HIGH The music is brilliant!
LOW My multitasking skills.
WTF Can anybody speak that name without twisting their tongue?
In the shadow of a black hole I hide, waiting until everything before my eyes has been sucked beyond the event horizon and converged at a single point as compressed matter. As I drift further through a landscape of black and white, more shapes approach. Abstract, bizarre, familiar.
Another day, another encounter. Swiftly I dodge and veer through the field of clusters and mines, a field of incoming cubes and flares. Suddenly the homing missiles are there. Everywhere. They swarm me, and then everything turns dark. I am shattered and broken, but it doesn't matter. Purpose drives me, and so I keep on going in. I am a cosmonaut trapped in Zenzizenzic; the fourth dimension of bullet hell.
Zenzizenzic is a shoot'em'up (shmup) that throws more than a few targets at the player—it fills the entire screen with enemies and projectiles in all kinds of patterns. Survival in this inferno is its own kind of discipline.
Made by Dutch self-taught programmer Ruud Koorevaar, Zenzizenzic's shmup aesthetics are as eccentric as its name. Born from a lack of graphic skills, Koorevaar kept things simple and square. Literally. There are squares everywhere, and everything is composed of these four-sided geometric forms.
At first glance this makes everything look even more chaotic and confusing than shmups already do. Is this a bullet or an enemy? Oh, well… it killed me anyway. But once accustomed to this simplistic visual language, it actually becomes a strength. Through the reduction of complexity in shape comes clarity, especially when combined with an effective system of color-coding, like the one seen here.
On the Touhou scale of effed-up difficulty, Zenzizenzic probably scores somewhere in the middle. While harder difficulties are available, this only affects the spawnrate of powerups and players receive less points for kills, which in turn provides them with fewer special weapons and extra lives. So, while cranking things up encourages more tactical play, the levels and spread patterns remain the same. Diehard genre vets with a knack for memorization my feel a bit under-challenged.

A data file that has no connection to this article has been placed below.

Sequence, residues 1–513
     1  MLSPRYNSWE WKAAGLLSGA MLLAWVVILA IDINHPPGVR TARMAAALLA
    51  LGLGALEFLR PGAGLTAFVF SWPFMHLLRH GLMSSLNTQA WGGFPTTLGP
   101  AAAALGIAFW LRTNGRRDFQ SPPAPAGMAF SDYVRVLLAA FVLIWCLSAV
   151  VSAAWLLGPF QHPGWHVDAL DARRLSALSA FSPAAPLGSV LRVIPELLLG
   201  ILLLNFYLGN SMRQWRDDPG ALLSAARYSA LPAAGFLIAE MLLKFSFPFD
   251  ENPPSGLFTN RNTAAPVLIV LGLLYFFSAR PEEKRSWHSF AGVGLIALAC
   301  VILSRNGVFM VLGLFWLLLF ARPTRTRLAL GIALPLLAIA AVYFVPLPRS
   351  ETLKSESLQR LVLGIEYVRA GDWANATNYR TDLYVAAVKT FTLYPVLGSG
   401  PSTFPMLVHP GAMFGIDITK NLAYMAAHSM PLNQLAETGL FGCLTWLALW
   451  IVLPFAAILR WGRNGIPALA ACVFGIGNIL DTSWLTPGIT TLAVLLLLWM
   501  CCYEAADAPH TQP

Whether one has a taste for electronic music or not, the soundtrack is supreme and quite catchy. In fact, it's the secret star of the game. The simple aesthetics in combination with the music and color manages to leverage a distinct and moods for every level—the track 'Help' from level 50 comes with an almost melancholic mood thanks to whistles and reverb, playing over a scene where the only dot of color is the player. On the other hand, 'Purpose' from level 3 is upbeat and cheerful, with a slight undertone of yearning that reminds me of older Daft Punk tunes.
Zenzizenzic is a neat take on bullet hell, sans the Anime kitsch that it's usually wrapped in. For a debut project it shows professional execution and polish, and the catchy soundtrack should sweep players off their feet. With a price around ten bucks, it's a must-see for fans of the genre.
Disclosures: This game was obtained via publisher and reviewed on the PC. Approximately 12 hours of play were devoted to the single-player mode, and the game was not completed. No time was spent in multiplayer modes.
Parents: This game is not yet rated by the ESRB or any equivalent agency. It's about geometric blocks shooting at geometric blocks and not any more violent than Asteroids was back in its day. It's fine for all ages.
Deaf & Hard of Hearing Gamers: Sound is not required to advance through the game.